Beyond COP26: What’s Next for CEOs?


By Tom De Waele, Managing Partner, Bain & Company Middle East and Torsten Lichtenau, Partner, Bain & Company London

Tom De Waele, Managing Partner, Bain & Company Middle East

Managing climate change is the greatest challenge of our time, and the 26th UN Conference of the Parties in Glasgow, Scotland, better known as COP26, represents a milestone in the world’s efforts to take concerted action.

Six years after the landmark Paris Agreement, nations are taking stock of the progress they have made on previous commitments, including their promises to reduce emissions and adapt to climate change.

Ahead of COP26 this year, the UAE pledged to reduce its carbon emissions by 23.5 per cent compared to business as usual for the year 2030, effectively translating into absolute emission reduction of about 70 million tonnes. The UAE also announced an ambitious target of reaching net zero emissions with AED 600 billion ($163 billion) invested in clean and renewable energy sources by 2050, becoming the first Middle Eastern country to commit to a net-zero emissions target. The UAE development model will take into account the net-zero goal with all institutions working as a team towards this goal.

While the policy work continues, many senior executives of UAE corporations will raise the question, “What do we do after COP26?”

The first thing they will have to do is recognize that with all the attention on climate change this year, things are speeding up in some key areas.

  • Regulations. Carbon-taxation and emissions-trading schemes will expand, and the price of carbon will probably rise. Governments will also promise more subsides to spur change, such as initiatives designed to reduce the cost of green hydrogen.
  • Financial disclosure. Companies will face more requirements to report on their climate risks, through a set of common reporting standards and climate-change disclosures, for example.
  • Science-based targets. More companies will set ambitious decarbonization targets and sign onto initiatives to track these goals and will aim to include Scope 3 emissions in their plans.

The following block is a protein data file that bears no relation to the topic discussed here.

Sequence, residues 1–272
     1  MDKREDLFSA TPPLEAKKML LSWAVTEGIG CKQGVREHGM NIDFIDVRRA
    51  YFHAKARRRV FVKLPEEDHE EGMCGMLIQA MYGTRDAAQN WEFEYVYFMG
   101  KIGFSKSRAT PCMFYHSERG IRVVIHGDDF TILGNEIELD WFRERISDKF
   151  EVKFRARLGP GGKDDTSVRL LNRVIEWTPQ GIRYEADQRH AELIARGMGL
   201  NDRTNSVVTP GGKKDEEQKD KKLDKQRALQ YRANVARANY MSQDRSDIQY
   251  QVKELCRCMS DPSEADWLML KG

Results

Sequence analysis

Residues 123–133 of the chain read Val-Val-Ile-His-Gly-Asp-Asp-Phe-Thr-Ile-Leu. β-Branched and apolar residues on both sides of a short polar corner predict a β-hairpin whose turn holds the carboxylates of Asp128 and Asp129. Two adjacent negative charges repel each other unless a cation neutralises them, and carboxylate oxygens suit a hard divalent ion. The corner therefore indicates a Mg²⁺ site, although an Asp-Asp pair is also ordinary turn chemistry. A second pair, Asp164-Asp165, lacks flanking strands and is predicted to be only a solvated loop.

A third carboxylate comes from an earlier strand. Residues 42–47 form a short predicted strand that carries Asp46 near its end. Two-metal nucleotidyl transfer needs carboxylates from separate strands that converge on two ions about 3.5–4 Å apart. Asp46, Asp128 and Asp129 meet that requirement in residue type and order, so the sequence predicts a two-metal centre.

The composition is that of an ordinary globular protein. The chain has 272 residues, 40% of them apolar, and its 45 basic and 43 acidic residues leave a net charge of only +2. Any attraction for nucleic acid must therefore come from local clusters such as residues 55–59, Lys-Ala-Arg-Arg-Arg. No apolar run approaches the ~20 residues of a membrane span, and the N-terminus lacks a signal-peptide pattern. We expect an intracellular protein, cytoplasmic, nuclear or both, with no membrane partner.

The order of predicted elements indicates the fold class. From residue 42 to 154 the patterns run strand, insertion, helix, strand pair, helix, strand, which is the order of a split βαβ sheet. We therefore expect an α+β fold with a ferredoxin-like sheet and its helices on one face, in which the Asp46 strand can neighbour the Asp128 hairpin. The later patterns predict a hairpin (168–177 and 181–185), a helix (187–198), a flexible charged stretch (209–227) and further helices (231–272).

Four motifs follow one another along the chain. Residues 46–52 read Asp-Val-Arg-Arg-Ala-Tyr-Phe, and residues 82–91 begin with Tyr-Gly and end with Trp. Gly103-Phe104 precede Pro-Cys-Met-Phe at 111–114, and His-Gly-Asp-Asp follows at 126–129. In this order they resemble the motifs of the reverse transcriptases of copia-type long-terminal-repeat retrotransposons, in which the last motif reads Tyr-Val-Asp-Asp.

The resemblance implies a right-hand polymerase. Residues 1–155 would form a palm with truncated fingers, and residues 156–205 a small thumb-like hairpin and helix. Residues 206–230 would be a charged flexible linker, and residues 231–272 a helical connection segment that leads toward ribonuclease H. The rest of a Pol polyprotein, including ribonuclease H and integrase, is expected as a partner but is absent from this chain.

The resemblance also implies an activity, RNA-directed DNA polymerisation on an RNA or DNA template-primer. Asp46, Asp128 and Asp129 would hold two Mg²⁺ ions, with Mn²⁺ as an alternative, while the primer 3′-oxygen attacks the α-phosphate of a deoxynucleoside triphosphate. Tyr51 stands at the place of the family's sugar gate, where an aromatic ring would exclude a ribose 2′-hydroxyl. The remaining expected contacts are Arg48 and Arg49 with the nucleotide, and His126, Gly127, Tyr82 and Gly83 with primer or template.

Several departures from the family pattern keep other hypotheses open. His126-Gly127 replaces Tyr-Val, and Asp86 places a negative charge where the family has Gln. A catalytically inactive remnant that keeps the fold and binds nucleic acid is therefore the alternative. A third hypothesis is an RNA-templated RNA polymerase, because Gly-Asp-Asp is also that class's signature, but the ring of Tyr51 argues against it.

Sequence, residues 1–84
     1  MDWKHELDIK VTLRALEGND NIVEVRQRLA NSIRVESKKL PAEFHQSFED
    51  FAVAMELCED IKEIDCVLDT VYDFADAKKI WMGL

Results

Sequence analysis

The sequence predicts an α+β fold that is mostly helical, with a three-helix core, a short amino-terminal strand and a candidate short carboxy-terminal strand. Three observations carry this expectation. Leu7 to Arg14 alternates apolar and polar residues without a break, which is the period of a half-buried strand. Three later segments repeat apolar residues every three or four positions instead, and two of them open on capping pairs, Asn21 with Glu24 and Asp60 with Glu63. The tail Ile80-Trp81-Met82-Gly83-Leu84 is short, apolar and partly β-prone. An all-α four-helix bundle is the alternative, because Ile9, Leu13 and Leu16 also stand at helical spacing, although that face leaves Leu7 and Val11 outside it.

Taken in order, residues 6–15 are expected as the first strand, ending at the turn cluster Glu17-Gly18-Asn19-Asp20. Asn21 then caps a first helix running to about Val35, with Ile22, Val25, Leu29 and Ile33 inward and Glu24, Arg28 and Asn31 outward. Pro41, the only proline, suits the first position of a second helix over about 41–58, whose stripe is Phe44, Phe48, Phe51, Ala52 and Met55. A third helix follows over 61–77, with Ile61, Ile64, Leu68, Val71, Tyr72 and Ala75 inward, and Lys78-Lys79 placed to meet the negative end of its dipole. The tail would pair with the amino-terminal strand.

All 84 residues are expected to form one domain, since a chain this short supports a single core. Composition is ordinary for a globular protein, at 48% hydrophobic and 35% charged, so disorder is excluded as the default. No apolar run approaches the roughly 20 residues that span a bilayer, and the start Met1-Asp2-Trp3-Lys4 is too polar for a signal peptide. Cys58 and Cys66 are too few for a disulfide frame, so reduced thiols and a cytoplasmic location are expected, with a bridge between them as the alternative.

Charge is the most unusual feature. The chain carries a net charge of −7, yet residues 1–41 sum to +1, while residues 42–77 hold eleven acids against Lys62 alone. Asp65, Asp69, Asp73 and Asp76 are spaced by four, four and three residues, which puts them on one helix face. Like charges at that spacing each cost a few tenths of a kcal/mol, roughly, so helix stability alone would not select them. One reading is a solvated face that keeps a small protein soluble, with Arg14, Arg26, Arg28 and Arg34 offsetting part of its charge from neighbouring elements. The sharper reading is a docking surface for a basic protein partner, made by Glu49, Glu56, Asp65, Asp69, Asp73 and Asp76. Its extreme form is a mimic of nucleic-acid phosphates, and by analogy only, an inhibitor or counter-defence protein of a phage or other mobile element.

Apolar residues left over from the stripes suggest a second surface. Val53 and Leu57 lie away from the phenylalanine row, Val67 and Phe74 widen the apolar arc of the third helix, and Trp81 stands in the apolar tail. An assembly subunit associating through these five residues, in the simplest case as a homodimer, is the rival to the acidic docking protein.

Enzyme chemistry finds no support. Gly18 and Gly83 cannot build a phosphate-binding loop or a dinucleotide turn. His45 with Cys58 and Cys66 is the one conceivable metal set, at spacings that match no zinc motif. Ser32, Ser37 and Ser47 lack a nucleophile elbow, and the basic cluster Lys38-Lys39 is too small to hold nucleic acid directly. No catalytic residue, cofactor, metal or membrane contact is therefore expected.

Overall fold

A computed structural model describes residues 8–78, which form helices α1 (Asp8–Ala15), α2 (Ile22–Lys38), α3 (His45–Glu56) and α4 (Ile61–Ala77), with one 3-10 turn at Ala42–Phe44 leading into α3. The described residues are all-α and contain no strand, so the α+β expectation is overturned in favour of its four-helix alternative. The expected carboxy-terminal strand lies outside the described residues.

• Scrutiny from investors. Sustainability, and climate change in particular, will become even more important for investment decisions. Fund managers are starting to respond: the Net Zero Asset Managers Initiative brings together 128 fund managers with $43 trillion under their care in a pledge to make investment decisions that support the goal of net-zero emissions by 2050 or sooner.
  • Customer expectations. Pressure from customers will lead more companies to look beyond their own operations and across their supply chains and use of their products. BMW plans to reduce carbon emissions across the entire life cycle of its vehicles, from production through ownership, by at least 40% by 2030.

Most importantly, the focus is going to shift from setting targets to delivering results. Until now, executives may have been rewarded just for stating goals; from here on, they will need to show real reductions. Here are four concrete things executives in corporations in the UAE can do to start reducing.

Make carbon transition a pillar of strategy. Too often, sustainability and carbon transition come as afterthoughts, but they should be baked into the strategy practice. The risks and opportunities of climate change should shape decisions about new products and how to improve operations. For example, UK supermarket leader Sainsbury’s is making carbon reduction a cornerstone of its strategy, with pledges to reduce Scope 1 and 2 emissions to net zero by 2040, and to cut Scope 3 emissions by 30% by 2030. Among many changes, it has switched to energy-saving lithium-ion pallet trucks.

Get more bang for your net-zero buck. Companies are pushing their carbon transitions as rigorously as any other business initiatives, which means improving efficiency while reducing cost. German engineering and technology firm Bosch has been carbon neutral in Scope 1 and 2 emissions since 2020, thanks to greater energy efficiency. It is also about finding opportunities to monetize investments in sustainable technologies. Mexican cement producer Cemex sells a line of concrete that contains 70% less carbon, and it offsets the rest of the related emissions to deliver a carbon-neutral product.

Embed carbon transition into the fabric of the business. Even the best plans will fall flat without the right supporting practices. Pricing, incentives, and tracking are three practices that help carbon transitions stay on track.

  • Pricing. More and more companies price carbon internally, like any other cost of doing business.
  • Incentives. Linking compensation incentives to carbon-reduction efforts keeps them on the agenda. French food producer Danone, for example, ties 20% of senior executives’ annual compensation to social and environmental targets.
  • Tracking. New software systems extract data from enterprise resource planning and other corporate systems, then calculate the precise carbon footprint and issue progress reports.

Avoid the hourglass effect. In many companies, including those in the UAE, top management and new employees are enthusiastic about sustainability, while middle management is left to solve the revenue, cost, and safety implications. Many have little or no experience managing carbon reduction, though support can be offered by educating everyone about carbon reduction in their industry and clarifying the rules for trade-offs.

The transition away from carbon and toward net-zero emissions is likely to be a top priority for many executives for the rest of their careers. For most companies in the UAE, the window for consideration has closed. It’s time to act and deliver meaningful carbon reductions.